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A bowl of ramen on a tray.
Ramen-san is open in Lincoln Park.
Barry Brecheisen/Eater Chicago

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After Nearly a Decade, Ramen-san Evolves to Stay Relevant in Lincoln Park

In opening a new location, Lettuce Entertain You banks on brand recognition

Ashok Selvam is the editor of Eater Chicago and a native Chicagoan armed with more than two decades of award-winning journalism. Now covering the world of restaurants and food, his nut graphs are super nutty.

With multiple restaurants near the intersection, Lettuce Entertain You Enterprises has been a Lincoln Park fixture for decades. And now they’ve opened a Ramen-san at Halsted and Armitage to replace Oyster Bah and Sushi-san is on its way.

Ramen-san debuted in 2014 in River North, and at that point, there weren’t many ramen shops in Chicago. They partnered with Sun Noodle, a well-known manufacturer, to bring daily shipments from the New Jersey noodle factory to Chicago — LEYE has tested more than 100 different noodles for their broths. Investments like that generated buzz over the last nine years. Ramen-san also became an industry favorite for Japanese whiskies; the Lincoln Park location will stock 52 varieties.

The exterior of a restaurant with a garage door.
Ramen-san replaces Oyster Bah.
A ramen set with a bowl and ladle on a tray
Fried chicken ramen

But as more ramen arrived in Chicago, Ramen-san evolved to try to keep pace with places like High Five Ramen in West Loop and Strings in Chinatown. Chicagoans are now interested in ramen from different regions and broths made from different bones. The Tribune just ran a review about the virtues of Jiro-style ramen, which is served in suburban Schaumburg at Chicago Ramen Annex. Chicago Reddit star Mike Satinover, after years of trepidation, plans to open his own ramen shop in Logan Square.

“I love that ramen continues to grow as a category or a cuisine type in America and in Chicago,” says LEYE partner Amarit Dulyapaibu.

One of LEYE’s hallmarks is customer service, and Dulyapaibu says listening to customers has helped Ramen-san evolve. For example, they’ve introduced Chinese-style mantou buns and other items to produce a menu that differs from an authentic ramen shop.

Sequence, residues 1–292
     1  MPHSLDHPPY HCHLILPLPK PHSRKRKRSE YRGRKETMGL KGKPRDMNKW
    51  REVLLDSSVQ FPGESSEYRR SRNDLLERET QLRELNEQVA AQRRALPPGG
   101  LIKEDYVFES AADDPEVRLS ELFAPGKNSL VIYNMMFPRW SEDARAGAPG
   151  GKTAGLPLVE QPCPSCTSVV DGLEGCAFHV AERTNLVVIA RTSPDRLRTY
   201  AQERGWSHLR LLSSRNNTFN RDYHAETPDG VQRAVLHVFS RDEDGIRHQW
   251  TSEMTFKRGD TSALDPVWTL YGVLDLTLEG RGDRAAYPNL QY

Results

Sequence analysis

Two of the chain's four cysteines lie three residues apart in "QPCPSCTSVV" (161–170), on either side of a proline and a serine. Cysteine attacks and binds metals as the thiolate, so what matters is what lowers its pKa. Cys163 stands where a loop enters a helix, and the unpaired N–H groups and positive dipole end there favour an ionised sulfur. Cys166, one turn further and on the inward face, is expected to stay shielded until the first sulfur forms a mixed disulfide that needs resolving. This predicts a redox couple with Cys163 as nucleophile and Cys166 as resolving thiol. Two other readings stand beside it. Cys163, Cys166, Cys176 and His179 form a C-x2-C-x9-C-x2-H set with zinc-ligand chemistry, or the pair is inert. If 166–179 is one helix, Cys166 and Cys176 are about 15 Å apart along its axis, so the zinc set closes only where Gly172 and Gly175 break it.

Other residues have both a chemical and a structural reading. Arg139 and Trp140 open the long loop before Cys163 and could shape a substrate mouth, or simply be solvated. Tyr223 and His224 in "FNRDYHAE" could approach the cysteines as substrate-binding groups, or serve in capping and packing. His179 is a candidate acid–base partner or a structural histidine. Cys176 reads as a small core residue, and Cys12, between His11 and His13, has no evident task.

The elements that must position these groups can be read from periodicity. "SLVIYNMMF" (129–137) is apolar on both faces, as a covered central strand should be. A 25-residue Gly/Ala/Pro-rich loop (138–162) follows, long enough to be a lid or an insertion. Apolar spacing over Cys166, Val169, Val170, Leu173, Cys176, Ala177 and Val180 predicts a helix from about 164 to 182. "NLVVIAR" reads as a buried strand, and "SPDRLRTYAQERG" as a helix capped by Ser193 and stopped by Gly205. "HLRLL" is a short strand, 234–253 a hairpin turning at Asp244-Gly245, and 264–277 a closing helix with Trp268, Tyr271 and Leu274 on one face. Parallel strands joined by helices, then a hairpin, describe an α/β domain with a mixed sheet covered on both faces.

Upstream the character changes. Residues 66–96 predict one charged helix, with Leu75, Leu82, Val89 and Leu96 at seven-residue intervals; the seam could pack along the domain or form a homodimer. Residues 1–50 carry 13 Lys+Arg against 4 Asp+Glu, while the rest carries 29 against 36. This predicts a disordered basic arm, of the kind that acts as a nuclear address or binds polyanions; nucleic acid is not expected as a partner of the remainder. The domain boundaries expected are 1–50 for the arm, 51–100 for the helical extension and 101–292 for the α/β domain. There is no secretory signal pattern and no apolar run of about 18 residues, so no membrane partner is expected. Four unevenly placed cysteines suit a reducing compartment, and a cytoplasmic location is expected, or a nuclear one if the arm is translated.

A restaurant with garage door dinwo
Garage door windows are like the new Edison bulb as far as restaurant design trends.
A stocked bar with stools.
There are 52 different varieties of Japanese whisky.

“I think what’s unique is about Ramen-san is it’s not just about ramen noodles,” Dulyapaibu says. “We want to continue to add, not just in the ramen category, but around it as well.”

The main floor, which seats 75, was the former home to Oyster Bah (a nautically themed Lettuce property). It’s been transformed into the same simple aesthetic as other locations. A hip-hop soundtrack, often associated with Japanese restaurants, remains.

Downstairs there’s a 35-seat private dining room. LEYE will also use the space to court chefs for a monthly pop-up series. On Wednesday, Henry Cai, of the Cantonese virtual restaurant 3 Little Pigs, is selling barbecue pork ramen. Dulyapaibul, raised in Lincoln Park, just a few blocks from the restaurant, grew up in the industry and the pop-ups series is important to him. His family owns Star of Siam off the Mag Mile and opened Tiparos in Lincoln Park (Grant Achatz once said the latter was his favorite Thai spot in Chicago).

LEYE obviously has the scale to transfer staff from other locations and part of the allure of having multiple restaurants nearby is to share resources — a manager can just run to Summer House or Cafe Baba-Reeba if they run out of an ingredient. But COVID has made hiring harder and customers have changed their dining habits. Ramen purists, much like Neapolitan pizza pursuits, don’t readily endorse carryout orders saying quality degrades. No one wants to enjoy cold and congealed noodles at home. But LEYE pivoted to more carryout and invested in packaging aimed to preserve the soup. Likewise, they’ve 86ed items like french fries that don’t necessarily carry out well.

There’s also been a desire to reduce late-night hours by city officials. All of these factors mixed means something has to change. Ramen-san’s late-night fried rice, created by former LEYE partner Doug Psaltis (Andros Taverna) as a way to drum up business after 11 p.m. is now served at 9 p.m. But, as Dulyapaibu says, LEYE is always listening. If summer keeps the restaurant busy, they may extend hours.

Walk through the space below.

Ramen-san, 1962 N. Halsted, open 11 a.m. to 10 p.m. daily.

A wooden booth

It’s a familiar aesthetic.

A set of fried chicken fritters.
Karaage chicken nuggets
Salad-san with carrot ginger dressing.
An open-faced bun with fried food inside.
Pork belly bun
a plate of dumplings
Shrimp dumplings.

Oyster Bah

1962 North Halsted Street, , IL 60614 (773) 248-3000 Visit Website

Cai

2100 South Archer Avenue, , IL 60616 (312) 326-6888 Visit Website

Ramen-san

219 North Green Street, , IL 60607 (773) 645-0085 Visit Website

After

1338 W. Fulton Street, Chicago, IL Visit Website

Star of Siam

11 East Illinois Street, , IL 60611 (312) 670-0100 Visit Website

Lettuce Entertain You

5419 N Sheridan Rd, Chicago, IL 60640 (773) 878-7340

Andros Taverna

2542 North Milwaukee Avenue, , IL 60647 (773) 365-1900 Visit Website

Sushi-san

63 West Grand Avenue, , IL 60654 (312) 828-0575 Visit Website

High Five Ramen

112 North Green Street, , IL 60607 (312) 344-1749 Visit Website

Chicago Ramen Annex

1608 East Algonquin Road, , IL 60173 (847) 907-4755
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